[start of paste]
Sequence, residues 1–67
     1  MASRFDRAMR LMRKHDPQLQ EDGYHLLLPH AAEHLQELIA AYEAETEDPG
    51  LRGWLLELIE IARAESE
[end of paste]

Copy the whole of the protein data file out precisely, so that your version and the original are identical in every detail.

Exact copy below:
Sequence, residues 1–67
     1  MASRFDRAMR LMRKHDPQLQ EDGYHLLLPH AAEHLQELIA AYEAETEDPG
    51  LRGWLLELIE IARAESE